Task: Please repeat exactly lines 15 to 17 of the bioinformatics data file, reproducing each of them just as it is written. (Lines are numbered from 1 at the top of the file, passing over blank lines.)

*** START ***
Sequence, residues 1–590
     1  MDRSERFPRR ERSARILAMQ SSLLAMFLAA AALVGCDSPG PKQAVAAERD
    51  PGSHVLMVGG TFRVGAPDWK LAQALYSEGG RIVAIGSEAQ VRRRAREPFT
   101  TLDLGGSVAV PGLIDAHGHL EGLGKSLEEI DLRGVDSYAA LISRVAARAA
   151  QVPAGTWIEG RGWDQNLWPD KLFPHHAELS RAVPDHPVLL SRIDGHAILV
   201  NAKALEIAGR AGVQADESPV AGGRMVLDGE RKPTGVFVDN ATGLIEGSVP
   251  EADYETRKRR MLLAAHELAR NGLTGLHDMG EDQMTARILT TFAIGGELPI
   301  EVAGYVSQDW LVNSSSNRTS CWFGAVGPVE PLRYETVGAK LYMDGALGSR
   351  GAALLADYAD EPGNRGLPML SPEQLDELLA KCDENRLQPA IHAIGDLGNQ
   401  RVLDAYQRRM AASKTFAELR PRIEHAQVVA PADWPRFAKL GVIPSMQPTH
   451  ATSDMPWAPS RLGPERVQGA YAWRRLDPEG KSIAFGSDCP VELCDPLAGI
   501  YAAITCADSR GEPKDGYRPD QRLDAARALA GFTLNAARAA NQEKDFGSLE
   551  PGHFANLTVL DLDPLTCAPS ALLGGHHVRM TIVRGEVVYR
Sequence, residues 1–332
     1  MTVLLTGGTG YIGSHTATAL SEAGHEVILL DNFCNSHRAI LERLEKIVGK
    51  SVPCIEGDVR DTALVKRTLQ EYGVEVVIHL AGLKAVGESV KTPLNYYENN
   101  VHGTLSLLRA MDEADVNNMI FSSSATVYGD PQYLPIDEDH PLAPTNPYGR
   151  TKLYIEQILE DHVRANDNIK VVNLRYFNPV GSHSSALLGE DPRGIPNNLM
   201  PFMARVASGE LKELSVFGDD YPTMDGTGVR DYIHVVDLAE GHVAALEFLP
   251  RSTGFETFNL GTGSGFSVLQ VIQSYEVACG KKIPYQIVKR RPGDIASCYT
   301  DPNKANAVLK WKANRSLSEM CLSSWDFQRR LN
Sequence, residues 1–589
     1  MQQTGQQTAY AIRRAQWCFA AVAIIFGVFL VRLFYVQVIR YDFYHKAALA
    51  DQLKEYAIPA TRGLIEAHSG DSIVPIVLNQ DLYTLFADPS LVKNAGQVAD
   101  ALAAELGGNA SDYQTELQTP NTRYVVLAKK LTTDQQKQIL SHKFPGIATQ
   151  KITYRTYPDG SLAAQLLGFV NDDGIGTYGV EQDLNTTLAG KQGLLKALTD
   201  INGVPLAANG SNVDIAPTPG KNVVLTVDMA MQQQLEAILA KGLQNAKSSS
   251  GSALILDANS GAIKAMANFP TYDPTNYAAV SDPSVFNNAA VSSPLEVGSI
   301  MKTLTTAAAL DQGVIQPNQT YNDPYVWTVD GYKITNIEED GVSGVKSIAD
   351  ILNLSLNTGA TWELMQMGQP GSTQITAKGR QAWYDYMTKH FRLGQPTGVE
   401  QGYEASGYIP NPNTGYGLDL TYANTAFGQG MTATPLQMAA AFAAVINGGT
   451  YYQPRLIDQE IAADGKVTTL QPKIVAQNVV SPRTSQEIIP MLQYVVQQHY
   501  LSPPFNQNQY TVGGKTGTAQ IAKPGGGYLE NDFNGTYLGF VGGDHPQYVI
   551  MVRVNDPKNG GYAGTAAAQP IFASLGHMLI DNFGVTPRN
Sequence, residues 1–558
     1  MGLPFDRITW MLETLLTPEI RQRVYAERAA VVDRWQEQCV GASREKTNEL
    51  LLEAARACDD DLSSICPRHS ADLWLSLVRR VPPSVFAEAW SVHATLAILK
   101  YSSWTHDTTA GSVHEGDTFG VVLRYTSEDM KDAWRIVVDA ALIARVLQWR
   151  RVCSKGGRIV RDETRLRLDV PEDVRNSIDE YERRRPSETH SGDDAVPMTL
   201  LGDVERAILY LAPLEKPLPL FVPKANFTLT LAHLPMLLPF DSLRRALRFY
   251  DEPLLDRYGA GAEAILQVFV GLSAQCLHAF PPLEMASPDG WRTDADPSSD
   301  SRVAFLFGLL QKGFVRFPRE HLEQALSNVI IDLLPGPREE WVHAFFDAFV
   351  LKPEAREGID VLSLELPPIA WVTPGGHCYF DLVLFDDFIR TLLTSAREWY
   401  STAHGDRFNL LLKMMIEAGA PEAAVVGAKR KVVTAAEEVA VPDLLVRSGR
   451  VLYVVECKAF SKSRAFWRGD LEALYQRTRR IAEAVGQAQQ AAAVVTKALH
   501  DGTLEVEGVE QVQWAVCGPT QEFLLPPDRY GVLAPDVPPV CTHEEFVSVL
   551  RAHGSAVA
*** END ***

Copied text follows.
     1  MTVLLTGGTG YIGSHTATAL SEAGHEVILL DNFCNSHRAI LERLEKIVGK
    51  SVPCIEGDVR DTALVKRTLQ EYGVEVVIHL AGLKAVGESV KTPLNYYENN
   101  VHGTLSLLRA MDEADVNNMI FSSSATVYGD PQYLPIDEDH PLAPTNPYGR